Athlete in Progress
When the announcement was made that Virgil Abloh would indeed be funnelling his abstract, somewhat raw concepts from the ‘Track + Field’ portion of his SS19 showcase into something that more confidently resembles streetwear, the more I thought about it, the more it made sense. The name of the project is reported as being ‘Athlete in Progress’ and looks set to consist of a whole host of new products, including both apparel and footwear, and looks to salute the unbreakable confidence held by a runner by taping into the rich heritage Nike has in track and field. After all, Abloh has already picked up some pretty helpful habits, drawing from some of Nike’s lineage of the past, and looks to further explore the brands’ many-faceted portfolios with, of course, the type of spin that only Off-White can provide. When asked about the upcoming collection Virgil said “I started talking with Nike about this women’s running project last summer and at the time, I was very much inspired by the aesthetic and style of track and field athletes. As a result, I invited some of Nike’s elite track and field champions to participate in my SS19 Off-White runway show as the natural forerunner to developing and showcasing the collection,” and with the welcome addition of 800-meter champion Caster Semenya as the poster girl for the collection Virgil is sending a powerful message with this one.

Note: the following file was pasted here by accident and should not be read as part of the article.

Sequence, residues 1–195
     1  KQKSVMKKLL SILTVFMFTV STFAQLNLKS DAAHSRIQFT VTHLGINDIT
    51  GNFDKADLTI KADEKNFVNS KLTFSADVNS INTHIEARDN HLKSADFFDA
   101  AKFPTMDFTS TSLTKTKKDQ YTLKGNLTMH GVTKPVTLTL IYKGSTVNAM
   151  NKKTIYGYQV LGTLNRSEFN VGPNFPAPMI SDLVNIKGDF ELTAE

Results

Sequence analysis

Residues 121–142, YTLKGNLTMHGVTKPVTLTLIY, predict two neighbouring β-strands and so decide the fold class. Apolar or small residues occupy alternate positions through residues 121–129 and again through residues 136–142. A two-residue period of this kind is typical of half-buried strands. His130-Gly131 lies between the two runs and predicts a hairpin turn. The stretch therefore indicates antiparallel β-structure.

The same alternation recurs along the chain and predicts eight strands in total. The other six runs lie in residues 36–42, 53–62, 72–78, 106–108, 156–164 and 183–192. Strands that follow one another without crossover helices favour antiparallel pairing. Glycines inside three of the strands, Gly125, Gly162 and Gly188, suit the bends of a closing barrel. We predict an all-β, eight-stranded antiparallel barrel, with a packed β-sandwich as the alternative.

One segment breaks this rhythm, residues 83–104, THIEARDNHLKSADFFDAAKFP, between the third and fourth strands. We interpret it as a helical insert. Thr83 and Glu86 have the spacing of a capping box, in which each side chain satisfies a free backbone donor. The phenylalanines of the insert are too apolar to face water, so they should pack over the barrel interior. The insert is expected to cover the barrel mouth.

Off-White x Nike Zoom Terra Kiger 5